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International Journal of Morphology

On-line version ISSN 0717-9502

Int. J. Morphol. vol.37 no.4 Temuco Dec. 2019 


Morphofunctional and Ultrastructural Evaluation of Hip Joint Development in Human Fetuses

Evaluación Morfofuncional y Ultraestructural del Desarrollo de la Articulación de la Cadera en Fetos Humanos

Mariane Cristina Donato Simões1 

Rafael Gabaret Agopian2 

Henrique Antônio Berwanger de Amorim Cabrita3 

Edson Aparecido Liberti1 

1 Laboratório de Anatomia Funcional Aplicada à Clínica e à Cirurgia (LAFACC), Universidade de São Paulo - USP, Avenida Prof. Lineu Prestes, 2415, Cidade Universitária, CEP 05508-900, São Paulo, SP, Brazil. +55(11)992792701

2 Faculdade de Medicina Veterinária da Universidade Santo Amaro (UNISA), São Paulo - SP, CEP 04743-030, Brazil.

3 Hospital Albert Einstein, Avenida Albert Einstein 627, Prédio A-1, sala 301, Jardim Leonor, São Paulo - SP, CEP 05652-900, Brazil.


The normal sequential development of the hip joint (HJ) was considered for the evaluation of the morphological and ultrastructural aspects of the joint cartilage of the proximal femoral head epiphysis in human fetuses between 16 to 31 weeks of intra uterine life (IUL). Twenty human fetuses were fixed in 10 % formalin solution. Fetuses were divided into 4 groups (n=5): Group 1 (G1): 16-19 weeks IUL; Group 2 (G2): 20-23 weeks IUL; Group 3 (G3): 24-27 weeks IUL and Group 4 (G4): 28-31 weeks IUL. The right moieties of the HJ were subjected to light microscopy to determine the chondrocyte area, volume, and density and the extracellular matrix (ECM) density. The collagen component in ECM was qualitatively evaluated using Safranin-O and picrosirius techniques under polarized light. The left portions were analyzed using scanning electron microscopy (SEM). The advance of age revealed a gradual increase in chondrocyte area and volume and in ECM density, and a decrease in chondrocyte density. The apparent prevalence of type II collagen fibers in G1 and type III collagen fibers in G4, as well as a balance between type I and III collagen fibers in G2 and G3 suggest a process of cartilaginous evolution and repair. The pantographic organization of the collagen fiber meshes from the depth to the cartilage surface of the femoral head suggests that the arcade collagen network architecture starts at the fetal stage, regardless of the compressive forces applied. The morphological data may contribute not only to a better understanding of the maturation and cartilage organization in this area but also to serve as a theoretical basis for aspects related to diseases and joint malformations.

KEY WORDS: Anatomy; Human fetus; Hip joint; Chondrocytes; Collagen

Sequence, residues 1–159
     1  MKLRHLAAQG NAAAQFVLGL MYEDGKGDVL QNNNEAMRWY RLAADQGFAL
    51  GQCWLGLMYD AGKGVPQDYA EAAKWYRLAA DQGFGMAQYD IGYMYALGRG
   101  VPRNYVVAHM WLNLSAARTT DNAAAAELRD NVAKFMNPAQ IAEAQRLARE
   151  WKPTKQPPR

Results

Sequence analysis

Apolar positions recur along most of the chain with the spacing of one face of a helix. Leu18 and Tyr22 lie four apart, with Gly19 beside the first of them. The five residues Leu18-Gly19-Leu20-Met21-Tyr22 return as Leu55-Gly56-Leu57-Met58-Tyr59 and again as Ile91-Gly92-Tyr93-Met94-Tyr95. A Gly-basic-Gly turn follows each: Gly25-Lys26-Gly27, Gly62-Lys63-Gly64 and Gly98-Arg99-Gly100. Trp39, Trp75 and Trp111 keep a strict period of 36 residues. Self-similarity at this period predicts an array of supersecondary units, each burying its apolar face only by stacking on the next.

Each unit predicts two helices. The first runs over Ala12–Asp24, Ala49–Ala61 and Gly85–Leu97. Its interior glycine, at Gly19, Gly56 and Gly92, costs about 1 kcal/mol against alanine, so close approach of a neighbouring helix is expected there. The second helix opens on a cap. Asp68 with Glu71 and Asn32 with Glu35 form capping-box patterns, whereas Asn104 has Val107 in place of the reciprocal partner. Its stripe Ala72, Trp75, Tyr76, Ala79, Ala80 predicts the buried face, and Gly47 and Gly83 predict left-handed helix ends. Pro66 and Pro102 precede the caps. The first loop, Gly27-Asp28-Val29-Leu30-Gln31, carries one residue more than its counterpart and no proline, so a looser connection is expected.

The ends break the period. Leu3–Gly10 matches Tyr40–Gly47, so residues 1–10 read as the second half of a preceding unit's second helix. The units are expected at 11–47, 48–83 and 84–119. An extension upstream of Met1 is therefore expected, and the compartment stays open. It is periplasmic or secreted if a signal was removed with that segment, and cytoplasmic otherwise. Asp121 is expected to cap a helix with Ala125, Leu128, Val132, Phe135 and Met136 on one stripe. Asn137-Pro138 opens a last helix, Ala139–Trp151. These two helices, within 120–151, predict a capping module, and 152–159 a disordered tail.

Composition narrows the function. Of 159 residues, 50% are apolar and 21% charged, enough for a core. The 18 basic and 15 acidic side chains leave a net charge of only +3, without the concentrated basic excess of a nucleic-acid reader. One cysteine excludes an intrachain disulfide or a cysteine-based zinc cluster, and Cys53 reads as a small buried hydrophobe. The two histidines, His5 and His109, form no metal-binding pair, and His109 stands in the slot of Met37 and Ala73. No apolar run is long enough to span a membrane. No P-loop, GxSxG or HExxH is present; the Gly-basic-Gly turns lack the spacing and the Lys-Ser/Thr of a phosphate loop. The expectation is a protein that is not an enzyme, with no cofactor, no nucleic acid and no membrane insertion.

El desarrollo secuencial normal de la articulación de la cadera (AC) se consideró para la evaluación de los aspectos morfológicos y ultraestructurales del cartílago articular de la epífisis proximal y de la cabeza femoral en fetos humanos entre 16 y 31 semanas de vida intrauterina (SVIU). Veinte fetos humanos fueron fijados en solución de formalina al 10 %. Los fetos se dividieron en 4 grupos (n = 5): Grupo 1 (G1), 1619 semanas de IUL; Grupo 2 (G2), 20-23 semanas SVIU; Grupo 3 (G3), 24-27 semanas SVIU y Grupo 4 (G4), 28-31 semanas SVIU. Las muestras derechas de la AC se sometieron a microscopía óptica para determinar el área, el volumen y la densidad de los condrocitos y la densidad de la matriz extracelular (MEC). El componente de colágeno en la MEC se evaluó cualitativamente utilizando técnicas de safranina-O y picrosirius bajo luz polarizada. Las muestras de la AC izquierda se analizaron utilizando microscopía electrónica de barrido (MEB). El avance de la edad reveló un aumento gradual en el área y el volumen de los condrocitos y en la densidad de la MEB, y una disminución en la densidad de los condrocitos. La aparente prevalencia de las fibras de colágeno tipo II en G1 y tipo III en G4, así como el equilibrio entre las fibras de colágeno tipo I y III en G2 y G3 sugieren un proceso de evolución y reparación cartilaginosa. La organización pantográfica de las mallas de fibra de colágeno desde la profundidad a la superficie del cartílago de la cabeza femoral sugiere que la arquitectura de la red de colágeno comienza en la etapa fetal, independientemente de las fuerzas compresivas aplicadas. Los datos morfológicos pueden contribuir no solo a una mejor comprensión de la organización de la maduración y el cartílago en esta área, sino también servir de base teórica para los aspectos relacionados con enfermedades y malformaciones articulares.

PALABRAS CLAVE: Anatomía; Feto humano; Articulación de la cadera; Condrocitos; Colágeno


The great interest of researchers in the study of HJ may be based on its complexity and clinical importance (Walker & Goldsmith, 1981). A morphological study of the normal development of the joint components is not only necessary for a better understanding of possible defects during structure development (Fukazawa et al., 2009) but it can also serve as a theoretical basis for therapeutic intervention and surgery strategies (Cluzel et al., 2013). Moreover, McCarthy (1993) and Tecklenburg et al. (2006) reported that proper treatments for birth defects require precise knowledge of normal development stages.

It is known that the normal development of the femoral head depends on the concentric relationship and the interactive dynamic stimulation between its shape and that of the acetabulum (Li et al., 2013). Thus, authors such as Jadin et al. (2005) focused on the importance of the morphometric parameters for characterizing density and organization of chondrocytes during growth and maturation of cartilage, considering that these parameters may contribute significantly to the understanding of the dynamics of tissue growth.

The present study evaluated the morphofunctional characteristics of the femur head cartilage in human fetuses between 16 and 31 weeks of IUL. The morphological data aimed at contributing to a better understanding of the HP evolution and providing support for treatments, therapeutic interventions, and surgical procedures in aspects related to diseases and joint malformations.